Parliamentary KPIs ‘inappropriate’
The thing that makes Victoria stand out from the crowd, the paper argues, is that the ‘purchase-provider’ model has been applied there more strongly than elsewhere.
This refers to the government approaching funding of the parliament as effectively purchasing a service; the parliament is the provider. The Victorian parliament is required to set performance measures and performance targets for each year and receives Treasury funding upon meeting those performance targets.
“This is an inappropriate extension of executive control over the legislature and treats Parliament as a government agency, which it is not,” says the report.
The performance indicators are proxies unrelated to the core business of parliament — making the law, requiring activities such as the timely completion of transcripts and payroll. Victoria is the only jurisdiction in Australia and New Zealand where parliament is mandated to report on its finances to the government on a daily and monthly basis, as well as on its performance, financial outcomes and achievement of outputs, on a quarterly basis.
The level of managerialism extended to the democratic representatives of the Victorian people is unusual:
“It is also possibly, the only Parliament which receives requests directly from the Government requesting that it ‘review its objectives’ to ‘better reflect’ its achievements and provide the Government with ‘greater clarity’ on what these objectives are. These are strong directives given to Parliament by the Executive, which should be challenged, if parliamentary independence and the separation of powers are to be upheld.”
Atkinson has previously stated concerns about this:
“The purchaser-provider model, in which the Government ‘buys’ policy outcomes from its various departments, is radically unsuited to the funding of a separate and equal democratic institution: the Parliament is not a service-provider with the ability to guarantee outcomes; nor should the Parliament contribute — or even be seen to be contributing — to the policy successes and failures of the executive it holds to account.”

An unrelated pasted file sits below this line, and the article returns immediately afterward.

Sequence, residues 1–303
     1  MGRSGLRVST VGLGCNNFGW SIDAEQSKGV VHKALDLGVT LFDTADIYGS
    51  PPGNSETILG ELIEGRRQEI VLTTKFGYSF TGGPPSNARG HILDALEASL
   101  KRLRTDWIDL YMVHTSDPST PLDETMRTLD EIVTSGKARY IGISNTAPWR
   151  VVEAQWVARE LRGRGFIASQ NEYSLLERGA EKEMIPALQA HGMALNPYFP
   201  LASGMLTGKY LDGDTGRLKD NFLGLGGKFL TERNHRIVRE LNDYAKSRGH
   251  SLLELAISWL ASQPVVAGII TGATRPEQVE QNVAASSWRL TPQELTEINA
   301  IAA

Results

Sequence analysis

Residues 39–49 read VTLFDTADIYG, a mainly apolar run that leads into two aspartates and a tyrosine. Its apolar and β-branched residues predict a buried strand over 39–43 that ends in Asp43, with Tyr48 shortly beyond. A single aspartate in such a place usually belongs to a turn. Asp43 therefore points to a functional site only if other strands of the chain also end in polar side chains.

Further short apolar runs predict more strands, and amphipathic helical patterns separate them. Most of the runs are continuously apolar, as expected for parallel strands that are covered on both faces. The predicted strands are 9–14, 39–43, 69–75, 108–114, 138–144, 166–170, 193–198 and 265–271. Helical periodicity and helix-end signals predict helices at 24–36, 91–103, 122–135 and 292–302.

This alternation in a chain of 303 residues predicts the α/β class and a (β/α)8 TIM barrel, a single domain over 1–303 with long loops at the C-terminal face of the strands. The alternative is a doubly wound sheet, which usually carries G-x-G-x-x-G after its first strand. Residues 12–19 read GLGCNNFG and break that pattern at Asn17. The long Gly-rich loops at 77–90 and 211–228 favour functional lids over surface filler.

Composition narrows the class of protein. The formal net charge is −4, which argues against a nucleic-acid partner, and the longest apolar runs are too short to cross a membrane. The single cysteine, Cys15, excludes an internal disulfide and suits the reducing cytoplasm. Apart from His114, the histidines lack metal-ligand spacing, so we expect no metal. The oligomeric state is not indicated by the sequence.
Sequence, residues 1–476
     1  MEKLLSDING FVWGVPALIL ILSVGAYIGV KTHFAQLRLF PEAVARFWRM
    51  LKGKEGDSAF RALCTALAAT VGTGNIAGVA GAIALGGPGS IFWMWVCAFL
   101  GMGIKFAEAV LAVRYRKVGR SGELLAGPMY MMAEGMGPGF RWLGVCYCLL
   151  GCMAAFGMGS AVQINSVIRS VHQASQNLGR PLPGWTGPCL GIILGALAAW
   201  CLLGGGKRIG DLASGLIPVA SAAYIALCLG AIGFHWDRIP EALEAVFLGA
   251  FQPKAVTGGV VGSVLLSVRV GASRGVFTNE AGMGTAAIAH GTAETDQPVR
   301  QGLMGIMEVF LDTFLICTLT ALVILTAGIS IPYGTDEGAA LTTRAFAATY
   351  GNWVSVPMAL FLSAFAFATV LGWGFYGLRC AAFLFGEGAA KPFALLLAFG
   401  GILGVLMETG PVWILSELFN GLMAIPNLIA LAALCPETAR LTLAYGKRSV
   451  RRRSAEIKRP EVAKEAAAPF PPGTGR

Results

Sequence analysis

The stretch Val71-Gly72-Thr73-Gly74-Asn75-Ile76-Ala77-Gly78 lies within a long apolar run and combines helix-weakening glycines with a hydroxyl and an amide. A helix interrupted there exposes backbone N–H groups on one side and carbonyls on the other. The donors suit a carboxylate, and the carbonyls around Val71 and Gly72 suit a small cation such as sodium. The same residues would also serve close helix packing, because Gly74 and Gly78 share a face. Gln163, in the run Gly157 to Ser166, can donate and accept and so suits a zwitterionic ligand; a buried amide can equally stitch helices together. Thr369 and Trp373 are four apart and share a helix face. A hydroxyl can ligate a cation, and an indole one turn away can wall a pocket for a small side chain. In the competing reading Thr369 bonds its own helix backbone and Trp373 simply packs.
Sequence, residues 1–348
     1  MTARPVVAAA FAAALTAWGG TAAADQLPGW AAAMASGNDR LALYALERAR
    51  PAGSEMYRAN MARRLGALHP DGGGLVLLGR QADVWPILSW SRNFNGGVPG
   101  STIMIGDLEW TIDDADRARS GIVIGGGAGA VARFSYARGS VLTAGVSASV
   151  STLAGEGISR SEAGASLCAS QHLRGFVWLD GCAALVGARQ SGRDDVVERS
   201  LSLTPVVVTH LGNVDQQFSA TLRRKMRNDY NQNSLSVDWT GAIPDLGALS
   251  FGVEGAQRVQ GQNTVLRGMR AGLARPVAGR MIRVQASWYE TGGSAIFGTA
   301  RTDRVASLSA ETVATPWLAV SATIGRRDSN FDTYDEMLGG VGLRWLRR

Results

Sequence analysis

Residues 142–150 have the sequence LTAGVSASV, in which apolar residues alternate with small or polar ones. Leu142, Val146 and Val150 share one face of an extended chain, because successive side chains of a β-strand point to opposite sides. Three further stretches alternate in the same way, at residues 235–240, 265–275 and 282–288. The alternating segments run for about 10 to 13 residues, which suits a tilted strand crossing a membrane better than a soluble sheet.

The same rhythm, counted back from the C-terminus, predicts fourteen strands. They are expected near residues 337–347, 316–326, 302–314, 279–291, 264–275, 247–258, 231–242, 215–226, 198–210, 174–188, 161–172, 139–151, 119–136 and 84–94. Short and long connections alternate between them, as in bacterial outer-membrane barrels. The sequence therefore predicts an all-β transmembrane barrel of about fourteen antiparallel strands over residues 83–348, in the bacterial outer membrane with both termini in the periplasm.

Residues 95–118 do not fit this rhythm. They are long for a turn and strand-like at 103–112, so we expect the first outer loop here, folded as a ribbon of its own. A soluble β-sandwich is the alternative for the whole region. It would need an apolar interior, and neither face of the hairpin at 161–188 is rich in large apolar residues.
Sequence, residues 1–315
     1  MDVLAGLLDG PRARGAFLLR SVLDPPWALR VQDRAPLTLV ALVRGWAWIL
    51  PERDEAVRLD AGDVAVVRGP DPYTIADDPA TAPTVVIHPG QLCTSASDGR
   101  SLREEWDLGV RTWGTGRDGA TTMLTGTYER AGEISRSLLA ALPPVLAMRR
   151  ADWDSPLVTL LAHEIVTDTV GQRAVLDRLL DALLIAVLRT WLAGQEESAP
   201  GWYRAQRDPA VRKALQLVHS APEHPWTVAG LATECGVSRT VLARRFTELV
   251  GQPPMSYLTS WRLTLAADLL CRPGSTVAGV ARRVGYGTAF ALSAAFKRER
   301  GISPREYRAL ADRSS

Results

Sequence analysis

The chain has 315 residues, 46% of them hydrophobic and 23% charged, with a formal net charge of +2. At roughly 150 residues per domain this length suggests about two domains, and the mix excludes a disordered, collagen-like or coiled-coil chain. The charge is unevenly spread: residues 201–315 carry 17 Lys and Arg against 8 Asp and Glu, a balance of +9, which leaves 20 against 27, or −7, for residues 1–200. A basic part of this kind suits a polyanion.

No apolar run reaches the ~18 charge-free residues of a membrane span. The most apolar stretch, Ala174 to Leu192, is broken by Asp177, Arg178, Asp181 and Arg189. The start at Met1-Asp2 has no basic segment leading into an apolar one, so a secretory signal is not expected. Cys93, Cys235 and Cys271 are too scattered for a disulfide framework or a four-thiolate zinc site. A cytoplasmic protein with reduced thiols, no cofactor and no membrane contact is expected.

The way forward
Giving parliament control over its own budgeting, supported by its own service agency, would strengthen parliamentary independence, argues the report.
Currently in Australia only the ACT has such an agency, known as a parliamentary corporate body, though it is a model common in other Commonwealth jurisdictions. The body would be tasked with responsibility for running parliament’s departments and their budgets.
This was recommended all the way back in 1991, in a parliamentary report that has never been implemented.
The parliamentary library also argues a review should be undertaken to strengthen the financial independence of independent statutory officers such as the Ombudsman, Independent Broad-based Commission Against Corruption and Electoral Commission. Currently they directly funded by the executive, as well as being appointed by the executive. Giving these powers to parliament itself would bolster the oversight role such agencies play, and was advocated for by the auditor-general, the ombudsman and IBAC commissioner in a joint statement last year.